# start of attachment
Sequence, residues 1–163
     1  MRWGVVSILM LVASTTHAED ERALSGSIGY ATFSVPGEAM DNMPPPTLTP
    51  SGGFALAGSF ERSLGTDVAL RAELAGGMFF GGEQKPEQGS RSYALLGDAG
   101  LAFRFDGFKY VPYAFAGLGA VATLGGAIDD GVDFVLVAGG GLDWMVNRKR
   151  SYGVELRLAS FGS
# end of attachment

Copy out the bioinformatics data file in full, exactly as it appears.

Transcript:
Sequence, residues 1–163
     1  MRWGVVSILM LVASTTHAED ERALSGSIGY ATFSVPGEAM DNMPPPTLTP
    51  SGGFALAGSF ERSLGTDVAL RAELAGGMFF GGEQKPEQGS RSYALLGDAG
   101  LAFRFDGFKY VPYAFAGLGA VATLGGAIDD GVDFVLVAGG GLDWMVNRKR
   151  SYGVELRLAS FGS